I had to have a friend come stay with me overnight. I was terrified. But I was also a single woman with a job, and I had nowhere else to stay from which I could get to work, and after a while I got used to it. But it affects you. You feel as violated as if they had taken something, even if they only break in the door.

I think in your case the fact that you have two houses is part of the problem - you always wonder what's going on in the other one. Motion detectors are a good idea. Cheap security cameras are even better, gives you a record of the perp. Let me know if you want me to send you the how-to stuff a friend of mine put together for our local crime prevention site. He can monitor his whole house remotely from his cellphone.

joy said...

Many years ago, my New Orleans house was for sale and I had already moved to Arkansas. We quickly sold the house, but while waiting for the sale to be final, someone broke in and stole some things (as I recall, the stove and some light fixtures). Needless to say, that was an extremely stressful period, constantly worrying about what might be happening to the house. Fortunately, our realtor was a good friend who camped out in the house until the sale was final.

A few weeks after we'd moved, we returned to the NOLA house to retrieve some items from the garage & discovered that the trash can we'd left behind was now living at the next door neighbor's house...an employee of the NEW ORLEANS POLICE department (I don't believe he was actually a cop & have no proof that he actually did work for the NOPD as he told us). I always suspected that he was the person who broke into the house. Who better than the neighbors to realize a house is not occupied?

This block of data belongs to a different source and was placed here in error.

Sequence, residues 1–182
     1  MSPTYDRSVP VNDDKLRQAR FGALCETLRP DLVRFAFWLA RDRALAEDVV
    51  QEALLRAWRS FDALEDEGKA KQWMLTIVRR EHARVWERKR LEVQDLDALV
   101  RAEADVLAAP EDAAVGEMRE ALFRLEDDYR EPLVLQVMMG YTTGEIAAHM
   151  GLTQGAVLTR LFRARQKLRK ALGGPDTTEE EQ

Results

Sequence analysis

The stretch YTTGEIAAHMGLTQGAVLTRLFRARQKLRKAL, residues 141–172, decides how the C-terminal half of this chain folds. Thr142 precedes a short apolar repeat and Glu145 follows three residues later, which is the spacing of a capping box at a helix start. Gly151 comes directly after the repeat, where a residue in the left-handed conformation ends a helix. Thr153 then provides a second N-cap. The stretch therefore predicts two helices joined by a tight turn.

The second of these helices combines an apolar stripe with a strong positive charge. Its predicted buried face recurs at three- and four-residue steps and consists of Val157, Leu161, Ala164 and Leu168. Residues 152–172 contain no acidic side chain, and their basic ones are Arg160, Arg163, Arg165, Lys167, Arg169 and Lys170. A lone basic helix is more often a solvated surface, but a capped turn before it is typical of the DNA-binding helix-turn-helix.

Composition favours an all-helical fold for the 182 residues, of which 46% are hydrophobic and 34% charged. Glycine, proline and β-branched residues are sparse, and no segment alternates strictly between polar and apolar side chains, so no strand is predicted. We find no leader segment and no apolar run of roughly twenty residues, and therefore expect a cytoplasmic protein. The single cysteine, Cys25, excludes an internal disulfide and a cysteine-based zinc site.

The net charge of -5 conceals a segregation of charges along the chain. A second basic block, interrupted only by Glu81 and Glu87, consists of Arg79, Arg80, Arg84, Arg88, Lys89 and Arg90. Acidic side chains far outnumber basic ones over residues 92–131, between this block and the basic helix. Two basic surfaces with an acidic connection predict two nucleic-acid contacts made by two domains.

DB, this is the hazard of owning, but not occupying or renting out, your Grandmother's house. Vacant properties are tempting targets. From what I've heard about the economic plight of your area, even the neighbors may be looking for some source of income. Your unoccupied house is like low-hanging fruit.

D.B. Echo said...

Hedera, I am definitely interested in that.

Joy, you have hit on exactly what we are suspecting. I think maybe my recent more-frequent visits to the house may have been my undoing, since people have gotten to know my car and have come to associate it with me: if it is there, I am there, and if it is not there, I am not there. Though I don't know how this situation would be very different if I were living there full time, and were still working a schedule that would have me out of the house for fourteen hours a night at least four nights out of eight.